BOSTON — If you don’t know your way around Downtown Crossing, Archie’s New York Deli can be hard to find. The address is 101 Arch Street, but you’re probably better off following these directions, from Emilio Ruggeri, the deli manager: “Right across the street from the hole in the ground.”
The little sandwich shop may be hard to find, but the hole is impossible to miss. Where Filene’s flagship store once stood, there’s now a crater in the earth, surrounded on all sides by a chain-link fence. And Ruggeri’s not kidding when he says it’s right across the street. Looking out the deli window, all you can see is the fence — and the “No Parking” signs that hang from it, warning drivers they’re in a tow zone. Not exactly an invitation to potential lunchtime diners.
Mayor Thomas Menino has long made the revitalization of Downtown Crossing one of his top priorities. And nothing is more central to that project than the redevelopment of the old Filene’s site.
So it’s no shock that Menino has come out fighting after a surprising comment by the chairman of Vornado, Steven Roth. The New York businessman said he intentionally neglected a similar project in Manhattan to pressure money out of city officials.
The mayor says he will consider revoking Vornado’s permits on the project. And he has an even bigger threat: He may try to take control of the property through eminent domain.
Ruggeri doesn’t really care how the city deals with Vornado. He just wants the project to get done. It’s hard to imagine now, but a few years ago, Filene’s more or less powered Ruggeri’s business.
“The people that were there used to come here all the time, ” he remembers. “They used to have so many people in that building. Because all their buying offices for Filene’s were in there, which nobody actually realizes that because they were in the back walls. Plus all the seven floors of shoppers. Plus the Filene’s Basement.”
Lines weren’t out the door, Ruggeri says, but only because his team was fast enough to keep the lines moving. “We don’t work as hard anymore,” he says, with a laugh. He grows serious, though, when he talks about the cutbacks he has been forced to make as a result. Ruggeri estimates he has laid off 40 percent of his staff.
Ultimately, Ruggeri says, responsibility for completing the project falls to the developer.
“The owner of the building, he’s the man in charge, he’s the one that needs to get it done,” Ruggeri says. “It should be on him. The city should be pushing him to get it done, but if he owns the building, how can you tell him what to do with it?”
Vornado has not responded to WBUR’s requests for comment.
Just around the corner, on Washington Street, is E.B. Horn Jewelers. Like Archie’s, the jewelry shop looks right out on the old Filene’s. Richard Finn, a manager at E.B. Horn, says Filene’s was a landmark, just like his store. And that was good for business.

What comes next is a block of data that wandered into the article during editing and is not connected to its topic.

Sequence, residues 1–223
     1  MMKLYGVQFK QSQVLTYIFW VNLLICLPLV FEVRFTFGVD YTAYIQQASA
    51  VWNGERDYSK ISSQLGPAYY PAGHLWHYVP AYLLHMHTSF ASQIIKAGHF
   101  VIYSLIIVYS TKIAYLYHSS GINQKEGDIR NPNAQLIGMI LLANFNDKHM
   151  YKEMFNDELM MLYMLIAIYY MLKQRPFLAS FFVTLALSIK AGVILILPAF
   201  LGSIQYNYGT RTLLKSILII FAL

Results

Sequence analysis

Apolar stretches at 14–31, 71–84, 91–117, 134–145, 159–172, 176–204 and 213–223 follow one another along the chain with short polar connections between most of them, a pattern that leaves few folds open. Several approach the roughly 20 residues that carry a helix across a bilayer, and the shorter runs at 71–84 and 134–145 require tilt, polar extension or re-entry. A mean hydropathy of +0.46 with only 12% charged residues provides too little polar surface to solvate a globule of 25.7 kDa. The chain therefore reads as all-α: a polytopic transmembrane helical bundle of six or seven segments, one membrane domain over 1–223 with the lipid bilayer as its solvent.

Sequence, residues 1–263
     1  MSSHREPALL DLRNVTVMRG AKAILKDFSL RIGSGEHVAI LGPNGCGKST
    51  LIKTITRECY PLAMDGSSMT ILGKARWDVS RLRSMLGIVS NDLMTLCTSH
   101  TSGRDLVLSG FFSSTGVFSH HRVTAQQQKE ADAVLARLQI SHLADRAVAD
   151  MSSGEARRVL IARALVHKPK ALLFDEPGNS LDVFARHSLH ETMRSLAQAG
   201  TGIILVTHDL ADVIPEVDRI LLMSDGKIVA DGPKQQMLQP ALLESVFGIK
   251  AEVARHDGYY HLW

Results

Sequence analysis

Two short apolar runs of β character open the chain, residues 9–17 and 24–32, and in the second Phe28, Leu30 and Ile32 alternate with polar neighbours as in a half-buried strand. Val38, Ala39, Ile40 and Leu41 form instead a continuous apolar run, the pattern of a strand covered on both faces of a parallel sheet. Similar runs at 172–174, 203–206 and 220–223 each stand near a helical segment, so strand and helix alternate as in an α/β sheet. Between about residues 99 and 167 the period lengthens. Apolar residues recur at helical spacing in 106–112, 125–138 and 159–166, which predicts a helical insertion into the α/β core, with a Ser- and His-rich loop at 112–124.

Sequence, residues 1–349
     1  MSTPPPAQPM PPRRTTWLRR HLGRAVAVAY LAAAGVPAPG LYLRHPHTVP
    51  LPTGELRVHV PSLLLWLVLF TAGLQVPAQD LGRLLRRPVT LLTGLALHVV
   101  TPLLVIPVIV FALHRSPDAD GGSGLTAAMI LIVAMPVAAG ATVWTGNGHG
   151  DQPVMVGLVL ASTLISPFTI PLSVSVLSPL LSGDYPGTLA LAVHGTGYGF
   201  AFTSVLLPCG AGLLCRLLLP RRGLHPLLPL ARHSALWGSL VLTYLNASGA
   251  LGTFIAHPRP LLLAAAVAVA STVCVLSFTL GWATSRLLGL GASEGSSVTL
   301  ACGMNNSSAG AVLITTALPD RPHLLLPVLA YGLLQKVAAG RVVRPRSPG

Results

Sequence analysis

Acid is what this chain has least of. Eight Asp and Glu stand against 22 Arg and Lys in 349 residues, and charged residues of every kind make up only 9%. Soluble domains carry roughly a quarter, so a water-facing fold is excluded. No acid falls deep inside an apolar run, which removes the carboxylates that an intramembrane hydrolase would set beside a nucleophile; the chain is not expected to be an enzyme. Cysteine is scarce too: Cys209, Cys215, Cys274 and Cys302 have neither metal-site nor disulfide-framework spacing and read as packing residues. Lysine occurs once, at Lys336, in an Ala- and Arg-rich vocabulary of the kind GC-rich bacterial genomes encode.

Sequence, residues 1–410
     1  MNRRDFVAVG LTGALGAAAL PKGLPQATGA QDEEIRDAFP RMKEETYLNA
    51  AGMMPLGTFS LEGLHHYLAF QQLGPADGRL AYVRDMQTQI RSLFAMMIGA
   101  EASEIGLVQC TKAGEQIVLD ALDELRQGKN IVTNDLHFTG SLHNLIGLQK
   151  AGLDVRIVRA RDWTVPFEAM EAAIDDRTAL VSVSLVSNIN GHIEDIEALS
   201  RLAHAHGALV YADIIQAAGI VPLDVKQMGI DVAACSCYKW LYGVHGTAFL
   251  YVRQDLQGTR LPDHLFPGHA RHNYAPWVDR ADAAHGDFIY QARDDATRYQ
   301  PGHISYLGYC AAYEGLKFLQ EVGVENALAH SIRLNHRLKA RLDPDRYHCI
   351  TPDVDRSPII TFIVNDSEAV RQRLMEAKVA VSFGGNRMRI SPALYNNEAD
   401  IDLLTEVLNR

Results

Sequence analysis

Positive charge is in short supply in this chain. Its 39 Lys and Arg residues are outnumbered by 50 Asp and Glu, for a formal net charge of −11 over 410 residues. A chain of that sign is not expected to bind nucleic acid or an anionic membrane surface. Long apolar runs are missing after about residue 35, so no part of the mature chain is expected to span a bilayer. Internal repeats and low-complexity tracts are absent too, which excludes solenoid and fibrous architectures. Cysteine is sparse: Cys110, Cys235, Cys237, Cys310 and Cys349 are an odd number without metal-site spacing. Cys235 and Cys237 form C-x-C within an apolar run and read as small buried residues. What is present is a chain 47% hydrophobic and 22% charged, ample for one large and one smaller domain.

Explains Eminent Domain
“We absolutely are a destination from all over New England,” Finn says. “But Filene’s Basement clearly was a destination, too, and our proximity to it was a benefit, as well. The fact that it’s an empty building, it reduces the amount of foot traffic and potential customers that are coming in. So there’s no question that there is an impact.”
Like Ruggeri over at Archie’s, Finn says he doesn’t really care how Menino and the City of Boston get the project finished. They’re the experts, he says. He just wants it done.
A couple of blocks away, at Brattle Book Shop on West Street, business is brisk. Kenneth Gloss, the proprietor of Brattle, one of the oldest used book stores in the country, says it will take a lot more than construction to drive away his customers.
“Sometimes I think I could hide the books in the basement, not tell anybody we’re here, and they’d still find us,” Gloss says.
His books aren’t collecting dust. Gloss says he’s selling at least a couple hundred books a day from his outdoor book stands alone. But as a longtime member of the Downtown Crossing community, he is still looking forward to the day the Filene’s project is complete.
“I think that that project will have a tremendous effect on perception,” Gloss says. “Once it’s done, people will say, ‘Oh, well, Downtown’s back.’ And they’ll come in. Just like 25 years ago, they wouldn’t go near the Combat Zone and now you barely hear about it because the opera house. It’s the theater district.”
It was that transformation of the city’s downtown back in the 1980s that makes Gloss nervous when he hears the mayor talk about eminent domain.
“I have issues with eminent domain,” he says. “Because we went through that back in the Scollay Square-era in time. Quite honestly, I think anything the city can do that is legal, above board and so on, that they can get that project moving, is a good thing. The city is going to solve this one way or the other, I have full confidence in that. It’s just — it will take time.”